‘Magic,’ Mulholland liked to say, ‘is the art of creating illusion agreeably.’ The author’s Book of Magic is agreeable in the extreme, providing a great deal of practical instruction in a style infused with the charm and elegance of a bygone age. A celebrated performer, historian, and lecturer, Mulholland was one of the lead- ing authorities of his time–so much so that when the editors of the Encyclopedia Britannica needed a definition of magic, they came to him.


Michael Ammar – Magician, Instructor

One of the foremost teachers of magic in the world, Michael’s instructional DVDs have provided a new way to practice the art. In David Copperfield’s introduction to The Magic of Michael Ammar (now in its 17th printing), he calls Michael the Magician’s Magician.

Mark Wilson’s Complete Course in Magic
By Mark Wilson (1975, 1988)
A course designed to teach a wide range of fundamentals, from sleight of hand to large illusions, with copious illustrations for each step of the instructions. Great information that is incredibly affordable. Best dollar-for-dollar value.
The Royal Road to Card Magic
By Jean Hugard and Frederick Braue (1981)
Although written in the ’40s, nobody has done a better job illuminating the path from beginner to astonishing cardician. Information from how to simply hold the deck to professional sleight of hand, in the ideal step-by-step sequence for effective learning.
Now You See It, Now You Don’t!
Lessons in Sleight of Hand
By Bill Tarr and Barry Ross, illustrator (1976)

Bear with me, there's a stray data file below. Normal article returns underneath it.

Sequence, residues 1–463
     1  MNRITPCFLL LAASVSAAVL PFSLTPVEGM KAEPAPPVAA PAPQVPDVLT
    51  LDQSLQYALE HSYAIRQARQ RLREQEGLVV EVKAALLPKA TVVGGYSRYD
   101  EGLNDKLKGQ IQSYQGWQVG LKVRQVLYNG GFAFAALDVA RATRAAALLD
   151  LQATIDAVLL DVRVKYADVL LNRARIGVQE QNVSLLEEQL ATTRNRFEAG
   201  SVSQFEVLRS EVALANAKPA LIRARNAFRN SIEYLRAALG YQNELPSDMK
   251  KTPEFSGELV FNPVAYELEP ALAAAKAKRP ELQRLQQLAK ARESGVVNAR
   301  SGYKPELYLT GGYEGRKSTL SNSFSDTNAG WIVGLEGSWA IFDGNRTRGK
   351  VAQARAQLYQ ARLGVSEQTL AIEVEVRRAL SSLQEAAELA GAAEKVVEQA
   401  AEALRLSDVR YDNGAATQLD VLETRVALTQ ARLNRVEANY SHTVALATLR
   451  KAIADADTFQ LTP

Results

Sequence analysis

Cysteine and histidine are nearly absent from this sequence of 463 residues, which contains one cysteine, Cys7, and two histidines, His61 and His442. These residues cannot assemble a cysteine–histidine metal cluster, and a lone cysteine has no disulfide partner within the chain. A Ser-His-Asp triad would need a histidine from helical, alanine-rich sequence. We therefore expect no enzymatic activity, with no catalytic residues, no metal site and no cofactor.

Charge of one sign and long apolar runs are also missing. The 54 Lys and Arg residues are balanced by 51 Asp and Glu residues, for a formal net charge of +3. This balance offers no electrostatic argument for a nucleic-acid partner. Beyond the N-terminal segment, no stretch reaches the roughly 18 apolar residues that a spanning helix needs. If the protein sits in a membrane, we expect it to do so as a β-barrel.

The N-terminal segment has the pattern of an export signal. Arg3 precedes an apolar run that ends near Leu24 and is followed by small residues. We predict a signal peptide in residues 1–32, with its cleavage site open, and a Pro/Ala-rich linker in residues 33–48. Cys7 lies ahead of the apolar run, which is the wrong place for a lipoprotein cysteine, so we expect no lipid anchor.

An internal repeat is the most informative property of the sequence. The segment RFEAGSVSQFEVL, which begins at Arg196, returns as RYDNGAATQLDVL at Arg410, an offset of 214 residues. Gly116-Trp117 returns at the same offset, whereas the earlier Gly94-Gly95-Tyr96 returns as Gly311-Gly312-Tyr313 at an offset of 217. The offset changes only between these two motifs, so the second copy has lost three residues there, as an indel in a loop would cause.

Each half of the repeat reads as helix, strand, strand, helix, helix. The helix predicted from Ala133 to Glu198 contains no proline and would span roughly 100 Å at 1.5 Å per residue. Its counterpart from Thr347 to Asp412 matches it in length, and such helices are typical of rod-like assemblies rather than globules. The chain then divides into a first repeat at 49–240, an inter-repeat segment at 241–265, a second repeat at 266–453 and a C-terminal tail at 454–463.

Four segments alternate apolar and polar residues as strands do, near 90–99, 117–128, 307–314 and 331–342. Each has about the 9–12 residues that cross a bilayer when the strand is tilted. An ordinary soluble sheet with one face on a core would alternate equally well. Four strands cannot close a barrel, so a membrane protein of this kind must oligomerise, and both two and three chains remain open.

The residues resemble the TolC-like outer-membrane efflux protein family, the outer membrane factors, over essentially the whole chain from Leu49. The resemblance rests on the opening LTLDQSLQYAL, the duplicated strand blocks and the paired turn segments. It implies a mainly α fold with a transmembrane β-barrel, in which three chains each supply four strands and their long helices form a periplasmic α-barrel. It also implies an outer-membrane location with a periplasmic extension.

Published 30 years ago, this was the first of a new era of magic instructions featuring hundreds of ‘moving’ drawings, making sleight of hand easier to learn than ever before.


Ruth Brandon – Author

Ruth Brandon, who lives in London, is the author of The Spiritualists (1984) and The Life and Many Deaths of Harry Houdini (1994), among other books. Her most recent book, The People’s Chef, about the life of the amazing Alexis Soyer, looks at food and class in England, France, and Crimea in the nineteenth century (and it includes recipes!).

The Psychology of the Psychic
By David Marks and Richard Kammann (1980)
This is the best book I know on what is by far the most interesting technical aspect of magic–the psychological reasons why illusions work. What’s the real explanation of coincidence? Why is misdirection so powerful? Why do we so want to believe in the supernatural that, unlike all other scientists, experimenters in the paranormal may be caught cheating time and again without any damage to their credibility? Read Kammann and Marks, and you’ll never believe in fairies ever again.
Italian Folk Tales
By Italo Calvino (1956, translated 1980)
Calvino journeys into the ancient world of magic, which of course is all about our deepest fears and fantasies. Traditional folk tales all follow the same series of patterns–suitors perform magic tasks to win the hands of princesses, three sons go out into the world to make their fortunes, witches come to claim their prey and are thwarted. Calvino’s versions are so gripping and poetic that they transcend ‘folk’ and become great literature.
Haroun and the Sea of Stories
By Salman Rushdie (1990)
Haroun is, in my view, Rushdie’s best book. Like the Calvino book–and like all real magic–it works for both children and adults. All Rushdie’s books play with language, but in this one the play transcends mannerism to become an essential part of the story, which is itself about the magic of stories, the enchanted world, where nothing is impossible, and anything can happen.

This article is published courtesy of Bookmarks Magazine.